On April 6, 2017, Potomac Economics, Ltd. (“Potomac Economics”), the market monitor for the Midcontinent Independent System Operator, Inc. (“MISO”), New York Independent System Operator, Inc. (“NYISO”), and ISO New England Inc., requested that FERC eliminate PJM Interconnection, L.L.C.’s (“PJM”) requirement that external Capacity Performance Resources must be pseudo-tied to PJM. In doing so, Potomac Economics argued that, among other issues, the requirement has caused congestion management issues for MISO and could impose similar and more significant costs on NYISO. Continue Reading Potomac Economics Requests That FERC Eliminate PJM’s Pseudo-Tie Requirement for External Capacity Performance Resources
On April 13, 2017 the Energy Storage Association (“ESA”) filed a complaint with FERC, alleging that PJM Interconnection, L.L.C. (“PJM”) had unilaterally implemented a series of changes to its Regulation market without FERC’s review and approval, in violation of the Federal Power Act (“FPA”). ESA contended that its members who participate in the Regulation market had “suffered significant and detrimental financial harm” as a result of PJM’s changes, and that ESA was filing its complaint “to compel PJM to give the Commission the opportunity to determine whether each of these changes are just and reasonable and not unduly discriminatory.” Continue Reading Energy Storage Association Alleges Changes to PJM Regulation Market Violate FPA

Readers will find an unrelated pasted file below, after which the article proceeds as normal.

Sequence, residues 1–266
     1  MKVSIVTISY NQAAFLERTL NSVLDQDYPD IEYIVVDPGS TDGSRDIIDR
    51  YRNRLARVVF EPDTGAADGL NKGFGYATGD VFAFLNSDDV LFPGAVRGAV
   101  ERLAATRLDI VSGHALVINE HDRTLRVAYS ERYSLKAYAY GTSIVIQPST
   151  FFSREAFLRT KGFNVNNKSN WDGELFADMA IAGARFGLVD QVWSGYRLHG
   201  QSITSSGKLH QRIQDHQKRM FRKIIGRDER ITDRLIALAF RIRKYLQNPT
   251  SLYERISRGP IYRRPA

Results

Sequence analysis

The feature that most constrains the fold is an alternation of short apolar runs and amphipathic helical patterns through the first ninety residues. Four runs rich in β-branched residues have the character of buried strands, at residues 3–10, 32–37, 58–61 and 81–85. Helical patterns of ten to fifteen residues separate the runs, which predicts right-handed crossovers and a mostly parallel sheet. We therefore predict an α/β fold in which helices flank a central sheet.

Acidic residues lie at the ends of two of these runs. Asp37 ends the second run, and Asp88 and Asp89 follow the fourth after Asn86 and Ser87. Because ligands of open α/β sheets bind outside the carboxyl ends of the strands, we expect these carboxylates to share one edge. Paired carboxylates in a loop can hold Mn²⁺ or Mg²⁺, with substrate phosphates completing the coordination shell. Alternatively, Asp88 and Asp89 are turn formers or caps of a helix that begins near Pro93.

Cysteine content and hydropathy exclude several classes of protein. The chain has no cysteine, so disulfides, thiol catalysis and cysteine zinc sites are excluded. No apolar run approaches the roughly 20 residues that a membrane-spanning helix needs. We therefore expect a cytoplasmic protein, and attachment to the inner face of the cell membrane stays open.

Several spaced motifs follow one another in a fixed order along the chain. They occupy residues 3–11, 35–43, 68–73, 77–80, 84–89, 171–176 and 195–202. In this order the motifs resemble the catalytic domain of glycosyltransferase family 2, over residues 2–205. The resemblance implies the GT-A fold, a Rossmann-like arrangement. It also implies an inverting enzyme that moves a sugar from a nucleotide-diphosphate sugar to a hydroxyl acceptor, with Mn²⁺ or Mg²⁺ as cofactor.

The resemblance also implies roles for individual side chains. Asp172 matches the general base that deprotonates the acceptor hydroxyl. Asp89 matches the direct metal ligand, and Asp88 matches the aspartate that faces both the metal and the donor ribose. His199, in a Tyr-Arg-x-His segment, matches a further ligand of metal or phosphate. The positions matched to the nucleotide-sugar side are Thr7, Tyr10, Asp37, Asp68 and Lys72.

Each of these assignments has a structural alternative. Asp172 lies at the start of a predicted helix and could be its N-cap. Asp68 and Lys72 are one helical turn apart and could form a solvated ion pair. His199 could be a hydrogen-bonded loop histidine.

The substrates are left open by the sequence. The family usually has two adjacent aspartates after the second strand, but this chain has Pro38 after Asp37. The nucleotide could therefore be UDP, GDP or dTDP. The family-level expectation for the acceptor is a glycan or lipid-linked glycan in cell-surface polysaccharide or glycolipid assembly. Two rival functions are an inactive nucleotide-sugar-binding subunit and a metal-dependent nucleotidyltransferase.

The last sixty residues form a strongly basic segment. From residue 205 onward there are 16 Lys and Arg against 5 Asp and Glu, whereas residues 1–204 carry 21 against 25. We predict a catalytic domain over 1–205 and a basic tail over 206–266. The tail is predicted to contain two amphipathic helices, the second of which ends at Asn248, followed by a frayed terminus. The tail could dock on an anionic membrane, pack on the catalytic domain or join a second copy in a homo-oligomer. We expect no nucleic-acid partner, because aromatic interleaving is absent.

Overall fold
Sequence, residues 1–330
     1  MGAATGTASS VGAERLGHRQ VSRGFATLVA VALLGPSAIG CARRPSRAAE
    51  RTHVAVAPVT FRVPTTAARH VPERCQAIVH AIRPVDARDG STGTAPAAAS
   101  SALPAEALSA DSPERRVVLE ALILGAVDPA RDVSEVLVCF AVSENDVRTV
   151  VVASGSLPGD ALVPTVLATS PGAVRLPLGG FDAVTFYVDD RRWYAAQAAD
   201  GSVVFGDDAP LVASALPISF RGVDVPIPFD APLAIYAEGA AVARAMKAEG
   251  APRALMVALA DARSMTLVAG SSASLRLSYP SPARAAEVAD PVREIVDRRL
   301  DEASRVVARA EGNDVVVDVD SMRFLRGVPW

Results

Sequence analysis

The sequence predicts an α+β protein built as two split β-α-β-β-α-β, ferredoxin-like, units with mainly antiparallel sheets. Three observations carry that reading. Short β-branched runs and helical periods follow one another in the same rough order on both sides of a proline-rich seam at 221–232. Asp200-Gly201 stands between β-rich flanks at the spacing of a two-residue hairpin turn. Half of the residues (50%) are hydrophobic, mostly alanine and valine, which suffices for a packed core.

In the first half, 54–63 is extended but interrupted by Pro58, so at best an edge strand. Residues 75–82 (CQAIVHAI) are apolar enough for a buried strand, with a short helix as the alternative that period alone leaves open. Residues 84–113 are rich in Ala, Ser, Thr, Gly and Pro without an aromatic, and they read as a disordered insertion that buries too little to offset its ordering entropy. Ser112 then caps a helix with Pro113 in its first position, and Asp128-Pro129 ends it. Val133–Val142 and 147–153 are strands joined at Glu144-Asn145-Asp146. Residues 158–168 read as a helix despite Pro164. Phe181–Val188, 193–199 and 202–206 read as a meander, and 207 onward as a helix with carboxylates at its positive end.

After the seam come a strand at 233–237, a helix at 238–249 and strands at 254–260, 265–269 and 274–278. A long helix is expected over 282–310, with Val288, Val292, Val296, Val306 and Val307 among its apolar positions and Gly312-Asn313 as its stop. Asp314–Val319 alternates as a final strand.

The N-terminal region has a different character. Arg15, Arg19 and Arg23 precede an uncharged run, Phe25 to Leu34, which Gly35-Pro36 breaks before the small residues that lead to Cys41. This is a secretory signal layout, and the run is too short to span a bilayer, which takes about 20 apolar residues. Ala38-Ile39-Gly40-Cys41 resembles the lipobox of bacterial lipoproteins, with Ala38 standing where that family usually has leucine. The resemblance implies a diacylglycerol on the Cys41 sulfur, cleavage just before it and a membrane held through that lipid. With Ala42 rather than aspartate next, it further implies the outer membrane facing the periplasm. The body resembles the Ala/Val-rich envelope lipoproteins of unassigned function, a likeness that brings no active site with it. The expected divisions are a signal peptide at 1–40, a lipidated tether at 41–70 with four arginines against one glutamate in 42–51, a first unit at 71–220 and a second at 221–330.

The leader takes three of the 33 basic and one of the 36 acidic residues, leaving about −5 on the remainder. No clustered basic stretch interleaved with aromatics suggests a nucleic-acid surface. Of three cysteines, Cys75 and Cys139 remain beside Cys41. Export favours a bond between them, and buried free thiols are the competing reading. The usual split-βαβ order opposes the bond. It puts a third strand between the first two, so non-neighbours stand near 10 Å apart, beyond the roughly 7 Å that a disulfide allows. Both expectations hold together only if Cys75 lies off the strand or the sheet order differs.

On April 10, 2017, the U.S. Department of Justice, on behalf of FERC, argued to the U.S. Court of Appeals for the Fifth Circuit (“Fifth Circuit”) that a recent district court order requiring de novo review of market manipulation allegations under the Federal Power Act (“FPA”) is inapplicable to similar circumstances under the Natural Gas Act (“NGA”). FERC’s counsel challenged Total Gas & Power North America Inc.’s (“Total”) reliance on a district court order in FERC v. Barclays Bank PLC et al., (“Barclays Order”) (see April 10, 2017 edition of the WER), arguing that it does not support reading a “de novo review” option into the NGA because that order interpreted a separate FPA provision for which there is no parallel under the NGA. Continue Reading FERC Counsel Argues that Review of Market Manipulation Allegations under FPA Are Distinct from Similar Circumstances under NGA
On April 4, 2017, the United States Court of Appeals for the District of Columbia Circuit (“DC Circuit”) held that FERC had erred in finding that the terms of an interconnection agreement between NextEra Desert Center Blythe, LLC (“NextEra”), Southern California Edison Company (“SCE”), and the California Independent System Operator (“CAISO”) clearly and unambiguously bars NextEra from receiving Congestion Revenue Rights (“CRR”). The DC Circuit remanded the case to FERC for consideration in light of the identified ambiguity.
On March 31, 2017, a group of California parties, consisting of various public power utilities and the California Public Utilities Commission (the “Complainants”), alleged in their complaint at FERC that Pacific Gas and Electric Company’s (“PG&E”) proposed transmission rates in its eighteenth rate filing (“TO-18”) contained significant errors and overstated expenses. The Complainants requested that FERC investigate the proposed TO-18 rates, which FERC had already set for hearing and settlement judge procedures in a separate proceeding. In addition, the Complainants requested that FERC exercise its authority to supplement the refund effective date established for the proposed TO-18 rates, in the event that the record eventually justified establishing a revenue requirement below PG&E’s last “clean” rate, established through settlement in its seventeenth rate filing (“TO-17”). Continue Reading California Parties Request Refunds from PG&E Based on Alleged Errors in Proposed Transmission Revenue Requirement